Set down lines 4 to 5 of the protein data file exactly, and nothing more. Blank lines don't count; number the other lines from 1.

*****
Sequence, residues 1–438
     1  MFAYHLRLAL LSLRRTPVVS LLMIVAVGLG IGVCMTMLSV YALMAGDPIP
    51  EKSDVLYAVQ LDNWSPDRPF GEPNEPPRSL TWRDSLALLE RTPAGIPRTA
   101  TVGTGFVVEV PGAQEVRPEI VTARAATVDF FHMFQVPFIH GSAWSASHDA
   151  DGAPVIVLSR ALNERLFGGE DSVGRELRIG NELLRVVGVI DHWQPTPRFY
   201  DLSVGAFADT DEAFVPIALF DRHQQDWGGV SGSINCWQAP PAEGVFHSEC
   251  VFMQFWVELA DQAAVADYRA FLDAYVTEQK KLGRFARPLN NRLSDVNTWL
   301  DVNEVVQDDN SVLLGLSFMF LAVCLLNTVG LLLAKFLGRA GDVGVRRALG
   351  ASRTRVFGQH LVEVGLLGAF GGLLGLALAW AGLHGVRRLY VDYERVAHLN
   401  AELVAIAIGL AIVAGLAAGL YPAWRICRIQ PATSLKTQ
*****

   101  TVGTGFVVEV PGAQEVRPEI VTARAATVDF FHMFQVPFIH GSAWSASHDA
   151  DGAPVIVLSR ALNERLFGGE DSVGRELRIG NELLRVVGVI DHWQPTPRFY